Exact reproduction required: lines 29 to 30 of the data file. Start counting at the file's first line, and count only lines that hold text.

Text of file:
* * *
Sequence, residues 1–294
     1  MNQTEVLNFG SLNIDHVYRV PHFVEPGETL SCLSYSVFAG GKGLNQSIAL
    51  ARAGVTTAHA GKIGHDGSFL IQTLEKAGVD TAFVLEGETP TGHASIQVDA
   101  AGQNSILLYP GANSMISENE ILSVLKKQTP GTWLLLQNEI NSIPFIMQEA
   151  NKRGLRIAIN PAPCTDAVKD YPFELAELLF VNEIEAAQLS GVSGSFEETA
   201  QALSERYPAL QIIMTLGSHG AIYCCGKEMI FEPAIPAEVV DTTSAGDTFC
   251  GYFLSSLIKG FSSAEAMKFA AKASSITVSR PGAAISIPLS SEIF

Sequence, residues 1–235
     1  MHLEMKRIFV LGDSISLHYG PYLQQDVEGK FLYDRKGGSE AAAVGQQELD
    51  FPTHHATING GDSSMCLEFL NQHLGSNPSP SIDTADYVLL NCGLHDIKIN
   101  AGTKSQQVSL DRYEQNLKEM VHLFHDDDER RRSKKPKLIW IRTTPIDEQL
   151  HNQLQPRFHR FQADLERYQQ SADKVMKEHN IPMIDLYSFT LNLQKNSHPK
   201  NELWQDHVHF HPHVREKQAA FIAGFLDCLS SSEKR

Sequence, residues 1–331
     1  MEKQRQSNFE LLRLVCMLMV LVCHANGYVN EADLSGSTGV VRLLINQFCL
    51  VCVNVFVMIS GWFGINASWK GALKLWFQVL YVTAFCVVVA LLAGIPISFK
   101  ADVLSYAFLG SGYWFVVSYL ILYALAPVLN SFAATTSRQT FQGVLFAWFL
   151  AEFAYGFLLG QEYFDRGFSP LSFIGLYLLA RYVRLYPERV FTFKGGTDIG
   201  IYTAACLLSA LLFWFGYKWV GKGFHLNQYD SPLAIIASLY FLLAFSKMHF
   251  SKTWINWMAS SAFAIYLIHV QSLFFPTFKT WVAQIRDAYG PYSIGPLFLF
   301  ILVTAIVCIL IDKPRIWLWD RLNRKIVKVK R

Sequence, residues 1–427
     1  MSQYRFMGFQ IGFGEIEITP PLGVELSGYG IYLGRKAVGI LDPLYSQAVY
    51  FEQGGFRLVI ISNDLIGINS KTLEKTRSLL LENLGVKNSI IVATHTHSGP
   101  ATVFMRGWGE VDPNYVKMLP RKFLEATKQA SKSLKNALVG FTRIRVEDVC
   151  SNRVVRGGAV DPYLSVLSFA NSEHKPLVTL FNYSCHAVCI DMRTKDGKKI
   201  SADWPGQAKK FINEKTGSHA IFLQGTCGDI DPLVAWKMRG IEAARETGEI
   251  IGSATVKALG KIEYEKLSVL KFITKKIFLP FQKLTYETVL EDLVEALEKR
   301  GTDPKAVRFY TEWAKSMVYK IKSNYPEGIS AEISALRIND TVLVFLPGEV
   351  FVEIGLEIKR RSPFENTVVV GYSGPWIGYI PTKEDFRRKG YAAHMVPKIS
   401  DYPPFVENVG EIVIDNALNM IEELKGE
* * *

   301  GTDPKAVRFY TEWAKSMVYK IKSNYPEGIS AEISALRIND TVLVFLPGEV
   351  FVEIGLEIKR RSPFENTVVV GYSGPWIGYI PTKEDFRRKG YAAHMVPKIS